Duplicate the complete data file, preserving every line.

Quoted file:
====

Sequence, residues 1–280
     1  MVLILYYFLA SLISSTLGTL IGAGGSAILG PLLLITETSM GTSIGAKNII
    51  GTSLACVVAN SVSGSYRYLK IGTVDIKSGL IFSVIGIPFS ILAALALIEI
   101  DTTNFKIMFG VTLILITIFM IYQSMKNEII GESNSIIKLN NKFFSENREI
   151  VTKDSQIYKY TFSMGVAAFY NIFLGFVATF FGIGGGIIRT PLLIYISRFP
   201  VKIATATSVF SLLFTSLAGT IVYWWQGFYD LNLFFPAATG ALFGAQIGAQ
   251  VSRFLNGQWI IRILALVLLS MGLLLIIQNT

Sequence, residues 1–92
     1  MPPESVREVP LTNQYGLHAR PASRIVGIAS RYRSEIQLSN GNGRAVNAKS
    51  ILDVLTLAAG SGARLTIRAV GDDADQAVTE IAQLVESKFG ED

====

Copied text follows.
Sequence, residues 1–280
     1  MVLILYYFLA SLISSTLGTL IGAGGSAILG PLLLITETSM GTSIGAKNII
    51  GTSLACVVAN SVSGSYRYLK IGTVDIKSGL IFSVIGIPFS ILAALALIEI
   101  DTTNFKIMFG VTLILITIFM IYQSMKNEII GESNSIIKLN NKFFSENREI
   151  VTKDSQIYKY TFSMGVAAFY NIFLGFVATF FGIGGGIIRT PLLIYISRFP
   201  VKIATATSVF SLLFTSLAGT IVYWWQGFYD LNLFFPAATG ALFGAQIGAQ
   251  VSRFLNGQWI IRILALVLLS MGLLLIIQNT

Sequence, residues 1–92
     1  MPPESVREVP LTNQYGLHAR PASRIVGIAS RYRSEIQLSN GNGRAVNAKS
    51  ILDVLTLAAG SGARLTIRAV GDDADQAVTE IAQLVESKFG ED